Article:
The last few months have been filled with more trials and tribulations than a Lifetime movie, and to be quite honest, I'm getting a little worn. It would be unlike me, though, to not want to go big or go home.
So this week, I opted to get myself involved in a car accident. Besides my car being a magnet in a parking lot for other vehicles, I've never been in a moving collision. So this gave me perspective into all the crazy thoughts and strange behavior I encounter at scenes when people are panic-stricken and flustered because they experienced a gaff while driving.
My first reaction was to peek at my temperamental, red-headed queen sitting in her car seat, still reading her book. Despite that peace of mind, I have to admit that I haven't been as mortified in a very long time as I was during that first moment sitting in my car.
I mean, what do you say when you are door to door, with nowhere to go, with some random person with whom you just collided? Today's etiquette suggests inquiring about personal injury -- which I did -- but honestly, there's not much else to say at that moment.
I tell people all the time that you shouldn't move your vehicles after an accident for the sake of safety and so the police can evaluate what happened, but asking if we should move was probably the third thing out of my mouth. I don't know why I asked that -- I live with a police officer for heaven's sake. There were so many other little mishaps
I have seen my situation dozens of times, standing in my own boots, and have heard the same scenario from complete strangers and it all sounds the same. I even threw in my personal favorite line of "I don't even go this way, ever."
Of course, I never drive that particular route in that direction of travel because of the intersection where this accident took place. However, a peanut butter and jelly sandwich was getting the best of queen bee in the back seat, so I chose to pull onto that road because it's quieter. Of course.
I guess out of all of this mess, I have to learn to accept that things could have been worse, which is what I tell everyone. I could have had a bruised up baby, the other car could have been a truck, the other guy could have been a jerk or any other amount of unfortunate mishaps. So in reality, other than a bruised ego and a bruised side door, I only have to worry about increased insurance premiums and points on my license. I think I'm more upset that I can't harass my other half anymore about dinging up my car's bumper after owning it a month. Darn.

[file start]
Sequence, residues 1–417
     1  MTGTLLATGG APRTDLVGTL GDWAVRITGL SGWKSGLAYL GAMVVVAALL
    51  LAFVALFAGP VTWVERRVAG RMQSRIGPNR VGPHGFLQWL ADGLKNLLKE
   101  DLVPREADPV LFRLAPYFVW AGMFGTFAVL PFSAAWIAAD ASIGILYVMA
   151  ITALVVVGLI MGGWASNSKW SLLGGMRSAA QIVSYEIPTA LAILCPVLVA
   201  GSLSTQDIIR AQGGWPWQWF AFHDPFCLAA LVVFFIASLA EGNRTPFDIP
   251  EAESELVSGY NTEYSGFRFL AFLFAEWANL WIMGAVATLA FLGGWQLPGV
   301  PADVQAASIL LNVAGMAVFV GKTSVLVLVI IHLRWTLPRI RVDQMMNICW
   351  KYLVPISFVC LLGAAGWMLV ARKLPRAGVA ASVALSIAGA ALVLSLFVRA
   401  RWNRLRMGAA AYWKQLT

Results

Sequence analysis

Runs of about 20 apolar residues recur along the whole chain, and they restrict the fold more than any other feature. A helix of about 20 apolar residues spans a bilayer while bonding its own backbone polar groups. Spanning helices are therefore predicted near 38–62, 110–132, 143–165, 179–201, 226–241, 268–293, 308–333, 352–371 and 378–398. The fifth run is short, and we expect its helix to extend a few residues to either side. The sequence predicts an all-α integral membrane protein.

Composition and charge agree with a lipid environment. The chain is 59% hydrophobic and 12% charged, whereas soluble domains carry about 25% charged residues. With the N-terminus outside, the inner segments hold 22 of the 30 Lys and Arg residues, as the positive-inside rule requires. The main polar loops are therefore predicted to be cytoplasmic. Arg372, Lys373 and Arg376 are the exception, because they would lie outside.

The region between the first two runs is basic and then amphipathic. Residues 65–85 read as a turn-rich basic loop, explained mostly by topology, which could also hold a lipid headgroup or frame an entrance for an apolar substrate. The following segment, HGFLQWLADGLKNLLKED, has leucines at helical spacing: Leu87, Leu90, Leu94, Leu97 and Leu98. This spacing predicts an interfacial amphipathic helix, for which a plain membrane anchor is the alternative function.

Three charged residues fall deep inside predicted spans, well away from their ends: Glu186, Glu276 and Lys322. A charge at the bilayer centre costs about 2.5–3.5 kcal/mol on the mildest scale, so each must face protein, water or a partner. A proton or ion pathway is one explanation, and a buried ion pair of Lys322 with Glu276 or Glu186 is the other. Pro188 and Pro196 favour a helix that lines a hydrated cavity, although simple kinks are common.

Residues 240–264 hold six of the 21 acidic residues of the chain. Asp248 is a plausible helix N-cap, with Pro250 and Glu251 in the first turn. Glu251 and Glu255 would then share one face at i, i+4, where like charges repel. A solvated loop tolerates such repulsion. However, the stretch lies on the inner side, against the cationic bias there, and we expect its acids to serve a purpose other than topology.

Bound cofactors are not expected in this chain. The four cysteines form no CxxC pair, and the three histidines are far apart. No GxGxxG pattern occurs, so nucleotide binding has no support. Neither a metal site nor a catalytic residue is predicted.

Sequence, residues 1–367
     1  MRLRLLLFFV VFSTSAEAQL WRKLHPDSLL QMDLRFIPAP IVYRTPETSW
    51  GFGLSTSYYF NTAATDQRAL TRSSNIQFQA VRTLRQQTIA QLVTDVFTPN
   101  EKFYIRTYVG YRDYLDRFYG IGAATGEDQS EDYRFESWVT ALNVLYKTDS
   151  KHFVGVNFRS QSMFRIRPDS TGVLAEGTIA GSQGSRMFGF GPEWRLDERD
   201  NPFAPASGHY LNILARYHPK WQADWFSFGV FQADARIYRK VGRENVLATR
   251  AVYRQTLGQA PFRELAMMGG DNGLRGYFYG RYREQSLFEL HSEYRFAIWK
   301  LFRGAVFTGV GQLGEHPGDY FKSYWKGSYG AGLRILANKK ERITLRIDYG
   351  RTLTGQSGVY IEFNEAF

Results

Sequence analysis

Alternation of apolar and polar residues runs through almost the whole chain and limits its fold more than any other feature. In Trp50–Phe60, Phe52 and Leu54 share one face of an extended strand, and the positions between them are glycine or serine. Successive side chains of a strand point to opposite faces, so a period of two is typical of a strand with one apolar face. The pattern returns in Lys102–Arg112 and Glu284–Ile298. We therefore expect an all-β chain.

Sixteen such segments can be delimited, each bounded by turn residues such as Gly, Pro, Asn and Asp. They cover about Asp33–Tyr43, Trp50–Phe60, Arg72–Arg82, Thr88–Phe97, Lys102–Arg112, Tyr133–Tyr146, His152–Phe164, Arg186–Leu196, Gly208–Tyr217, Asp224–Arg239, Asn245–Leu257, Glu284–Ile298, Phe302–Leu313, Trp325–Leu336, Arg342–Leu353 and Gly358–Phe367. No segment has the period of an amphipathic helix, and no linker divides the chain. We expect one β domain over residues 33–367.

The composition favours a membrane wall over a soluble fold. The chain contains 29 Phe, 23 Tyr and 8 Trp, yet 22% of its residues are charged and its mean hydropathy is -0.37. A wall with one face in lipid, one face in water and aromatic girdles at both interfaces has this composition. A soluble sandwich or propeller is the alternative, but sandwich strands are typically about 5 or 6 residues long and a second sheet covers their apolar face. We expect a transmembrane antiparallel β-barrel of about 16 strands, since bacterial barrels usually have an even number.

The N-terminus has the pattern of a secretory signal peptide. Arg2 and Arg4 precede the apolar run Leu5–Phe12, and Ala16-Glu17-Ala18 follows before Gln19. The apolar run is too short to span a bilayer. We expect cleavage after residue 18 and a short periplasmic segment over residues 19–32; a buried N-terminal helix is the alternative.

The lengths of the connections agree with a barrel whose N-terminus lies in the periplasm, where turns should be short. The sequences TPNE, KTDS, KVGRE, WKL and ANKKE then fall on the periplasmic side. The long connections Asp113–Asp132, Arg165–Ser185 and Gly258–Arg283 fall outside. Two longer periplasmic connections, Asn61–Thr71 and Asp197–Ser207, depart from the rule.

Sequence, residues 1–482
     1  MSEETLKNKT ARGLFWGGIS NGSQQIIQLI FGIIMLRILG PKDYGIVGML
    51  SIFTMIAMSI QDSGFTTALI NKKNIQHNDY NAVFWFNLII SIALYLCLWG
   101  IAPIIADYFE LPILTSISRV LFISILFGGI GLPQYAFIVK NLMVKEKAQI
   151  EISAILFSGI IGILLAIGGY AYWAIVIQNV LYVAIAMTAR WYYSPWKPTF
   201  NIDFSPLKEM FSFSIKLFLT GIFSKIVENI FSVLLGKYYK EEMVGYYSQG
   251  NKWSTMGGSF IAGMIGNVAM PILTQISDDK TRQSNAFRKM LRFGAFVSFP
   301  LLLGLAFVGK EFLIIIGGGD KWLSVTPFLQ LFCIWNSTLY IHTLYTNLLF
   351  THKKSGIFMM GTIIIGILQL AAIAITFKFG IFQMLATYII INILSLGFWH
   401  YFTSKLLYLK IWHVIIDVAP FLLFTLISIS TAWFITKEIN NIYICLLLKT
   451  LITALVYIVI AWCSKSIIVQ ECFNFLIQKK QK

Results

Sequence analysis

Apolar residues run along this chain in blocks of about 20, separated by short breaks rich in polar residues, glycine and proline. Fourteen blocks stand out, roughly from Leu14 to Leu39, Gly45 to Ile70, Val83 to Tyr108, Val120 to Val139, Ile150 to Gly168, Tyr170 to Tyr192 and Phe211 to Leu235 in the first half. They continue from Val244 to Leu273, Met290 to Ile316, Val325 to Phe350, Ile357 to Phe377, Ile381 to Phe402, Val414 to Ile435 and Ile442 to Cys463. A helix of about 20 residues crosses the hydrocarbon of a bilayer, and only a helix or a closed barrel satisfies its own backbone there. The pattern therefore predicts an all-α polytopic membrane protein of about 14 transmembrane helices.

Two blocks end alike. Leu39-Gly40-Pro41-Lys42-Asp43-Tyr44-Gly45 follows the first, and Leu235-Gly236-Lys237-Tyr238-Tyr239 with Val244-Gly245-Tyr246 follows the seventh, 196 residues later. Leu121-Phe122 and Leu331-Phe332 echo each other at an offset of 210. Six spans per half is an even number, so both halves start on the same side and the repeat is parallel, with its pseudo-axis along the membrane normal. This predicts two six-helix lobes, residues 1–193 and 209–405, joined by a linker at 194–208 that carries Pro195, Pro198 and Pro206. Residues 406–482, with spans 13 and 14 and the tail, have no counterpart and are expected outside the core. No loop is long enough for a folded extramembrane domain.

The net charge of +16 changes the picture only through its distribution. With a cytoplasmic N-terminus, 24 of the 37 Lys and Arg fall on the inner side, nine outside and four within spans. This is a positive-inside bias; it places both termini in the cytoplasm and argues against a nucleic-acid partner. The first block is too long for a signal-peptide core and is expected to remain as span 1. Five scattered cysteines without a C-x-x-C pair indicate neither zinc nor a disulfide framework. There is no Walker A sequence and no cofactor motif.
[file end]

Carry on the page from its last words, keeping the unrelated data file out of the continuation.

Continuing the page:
There's more to an accident than swapping insurance information -- more than I was ever aware of. At a motor vehicle accident, after I have either transported or gotten signed refusal paperwork from parties involved, I vacate the scene and leave the cleanup to the men in blue. Well, after talking to the police, I learned about citations and picking up accident paperwork. Once I left the scene with a sense of being a felon, I was given the accident report process all over again at home.
My little experience has been a reminder that I need to learn to practice what I preach. If you're in a roadway, you really shouldn't get out until the police request you do so. It's unsafe and you never know when those crazy drivers are going to drive by. I also know better than to move vehicles, even if you feel like you are congesting traffic. Do yourself a favor and sit and smile to the passing drivers who whip their heads around to stare.
Accidents happen and dwelling every day afterward on the string of events that led you to make whatever choice you did probably won't do you any good. So, no, I'm not pleased with my choice, but it's over. My car is still running and has a little extra character on the driver's side. I can't wait to see the estimate for that cosmetic repair.
However, I have a sleeping baby upstairs and a normal life routine because I wasn't injured. So all in all, I survived my first, and hopefully last, car accident.
Kaitlyn Kline is a full-time paramedic for North Adams Ambulance and part-time paramedic for Village Ambulance of Williamstown. Beyond the work she does to provide skillful and compassionate care to those in need, it is her goal through this column to educate the community through her resources, knowledge and continuous learning experiences.